USA versus Russia in Yemen?
1. Mossad and the CIA like the idea of controlling Yemen.
But, Russia is said to be moving closer to Yemen.
On 21 October 2008, we read: Russia May Revive Yemeni Naval Base
"Sergei Mironov, speaker of the... upper house of the Russian Parliament, said Yemen and its main port of Aden could become a center for the Russian navy to fulfill 'strategic goals' in the coming years.
"Mironov made his comments during a visit to the Yemeni capital, Sanaa (October 2008).
"In reporting his remarks, RIA Novosti noted they were made in the context of the growing piracy threat off the horn of Africa and in the southern Red Sea. It said 'authorities in Yemen already have been calling on Moscow to help fight piracy and possible terrorist threats.'
"'It's possible that the aspects of using Yemen ports not only for visits by Russian warships, but also for more strategic goals will be considered,' Mironov told reporters.
A Russian-manufactured armoured car in Yemen (North Yemen Civil War - Wikipedia, the free encyclopedia -)
"Mironov also suggested Yemeni President Ali Abdullah Saleh might pay a state visit to Russia soon, and the possibility of renewed military technical cooperation between the two countries could then be discussed.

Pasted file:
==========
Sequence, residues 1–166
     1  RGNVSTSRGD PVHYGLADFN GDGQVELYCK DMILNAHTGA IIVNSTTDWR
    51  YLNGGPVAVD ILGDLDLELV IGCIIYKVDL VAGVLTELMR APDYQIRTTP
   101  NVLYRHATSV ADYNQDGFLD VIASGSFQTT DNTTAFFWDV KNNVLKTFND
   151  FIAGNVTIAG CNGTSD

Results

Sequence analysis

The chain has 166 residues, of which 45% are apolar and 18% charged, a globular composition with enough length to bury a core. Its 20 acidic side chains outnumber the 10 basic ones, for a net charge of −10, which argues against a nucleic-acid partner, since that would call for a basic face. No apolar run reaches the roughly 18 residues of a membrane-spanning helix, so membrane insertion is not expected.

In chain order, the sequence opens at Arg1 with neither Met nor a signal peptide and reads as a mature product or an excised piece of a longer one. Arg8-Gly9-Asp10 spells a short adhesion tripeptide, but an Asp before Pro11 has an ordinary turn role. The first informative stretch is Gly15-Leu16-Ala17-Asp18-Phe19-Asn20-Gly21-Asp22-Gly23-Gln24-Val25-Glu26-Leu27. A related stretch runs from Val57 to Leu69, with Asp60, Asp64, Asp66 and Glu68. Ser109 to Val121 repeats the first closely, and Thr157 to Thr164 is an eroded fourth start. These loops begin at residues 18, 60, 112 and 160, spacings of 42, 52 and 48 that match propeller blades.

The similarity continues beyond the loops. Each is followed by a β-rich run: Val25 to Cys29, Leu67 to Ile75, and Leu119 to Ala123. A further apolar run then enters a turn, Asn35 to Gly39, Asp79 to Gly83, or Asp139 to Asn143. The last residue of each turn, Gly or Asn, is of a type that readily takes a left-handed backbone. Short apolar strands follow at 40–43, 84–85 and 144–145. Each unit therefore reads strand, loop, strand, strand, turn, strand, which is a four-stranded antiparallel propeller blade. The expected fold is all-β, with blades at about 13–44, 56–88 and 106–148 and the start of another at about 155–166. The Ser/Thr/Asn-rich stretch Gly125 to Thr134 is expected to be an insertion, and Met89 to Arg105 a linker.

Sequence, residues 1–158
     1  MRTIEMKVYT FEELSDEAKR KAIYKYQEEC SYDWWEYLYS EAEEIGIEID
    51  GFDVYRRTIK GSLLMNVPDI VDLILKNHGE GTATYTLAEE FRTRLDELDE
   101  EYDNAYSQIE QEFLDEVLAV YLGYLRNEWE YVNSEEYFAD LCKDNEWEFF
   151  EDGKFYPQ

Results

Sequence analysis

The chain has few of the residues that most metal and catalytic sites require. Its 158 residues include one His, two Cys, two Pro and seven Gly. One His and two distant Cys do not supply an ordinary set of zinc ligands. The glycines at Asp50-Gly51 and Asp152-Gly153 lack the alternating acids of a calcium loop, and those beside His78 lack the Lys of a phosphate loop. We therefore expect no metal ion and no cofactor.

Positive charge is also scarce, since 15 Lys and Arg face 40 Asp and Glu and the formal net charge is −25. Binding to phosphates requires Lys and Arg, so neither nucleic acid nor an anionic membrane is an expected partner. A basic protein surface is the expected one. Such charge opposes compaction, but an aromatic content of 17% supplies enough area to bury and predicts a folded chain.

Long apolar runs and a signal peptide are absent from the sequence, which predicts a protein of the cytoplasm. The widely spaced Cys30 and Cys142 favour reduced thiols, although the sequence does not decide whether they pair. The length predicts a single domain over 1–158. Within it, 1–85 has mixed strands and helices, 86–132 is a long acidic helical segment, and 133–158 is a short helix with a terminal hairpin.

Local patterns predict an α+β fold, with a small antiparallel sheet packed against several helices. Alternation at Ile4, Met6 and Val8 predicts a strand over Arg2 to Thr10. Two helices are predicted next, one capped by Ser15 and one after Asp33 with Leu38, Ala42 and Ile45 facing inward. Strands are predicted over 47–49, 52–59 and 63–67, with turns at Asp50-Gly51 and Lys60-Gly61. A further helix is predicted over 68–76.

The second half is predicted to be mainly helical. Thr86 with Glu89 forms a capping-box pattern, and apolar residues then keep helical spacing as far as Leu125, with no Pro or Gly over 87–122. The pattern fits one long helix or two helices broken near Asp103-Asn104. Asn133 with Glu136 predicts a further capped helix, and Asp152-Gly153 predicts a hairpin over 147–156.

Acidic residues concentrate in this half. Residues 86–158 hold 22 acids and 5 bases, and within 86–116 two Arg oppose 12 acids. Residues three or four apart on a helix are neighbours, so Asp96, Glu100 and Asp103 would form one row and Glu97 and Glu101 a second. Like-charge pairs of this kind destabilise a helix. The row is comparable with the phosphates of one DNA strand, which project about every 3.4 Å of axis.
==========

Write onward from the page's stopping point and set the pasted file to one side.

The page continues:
"Pirates based in chaotic Somalia on the other side of the Red Sea and the Gulf of Aden from Yemen last month extended their activities closer to the Yemeni coast when they captured a Panamanian oil tanker.
"Mironov stated that Yemeni authorities had expressed concern that terrorist forces linked to the al-Qaida organization could be operating in Somalia and off its coast and that they might seek to carry out attacks in the Arabian Sea, which carries much of the world's oil export sea traffic from the Persian Gulf."
2. So, Mossad and the CIA might want to destabilise the government of Yemen.
Reportedly, Yemen's oil is running out.
Yemen 'faces crisis as oil ends'
The World Bank predicts that by 2017, Yemen's oil and gas revenues will be zero.
The Royal Institute for International Affairs warns that this could lead to political instability which could expand to northern Kenya and Saudi Arabia.
It describes Yemen's democracy as "fragile" and refers to armed conflicts with Islamists and tribal insurgents.
Yemen is described as a democracy, but there is said to be a tribal system of patronage around President Ali Abdullah Saleh.
The president faces conflicts with tribal groups and faces 'Islamist' insurgents.
Yemen is next to important shipping routes and is close to the Suez Canal.
Sanaa in Yemen by Tyabji
3. In September 2008, Yemen reportedly uncovered a network of 40 Mossad spies.
"The network was comprised of 40 people from different Arab nationalities spying for Mossad, the Israeli international intelligence, said sources from National and Political Security Units.
"The members of the espionage network entered Yemen on the premise of conducting business, tourism and even for preaching in mosques.
"Saleh said that the suspected spies form a terrorism cell that uses also Islam to reach their targets.
"Members were arrested individually and found to be in possession of detailed maps for sensitive security sites, intelligence telecommunication units and advanced tracking devices."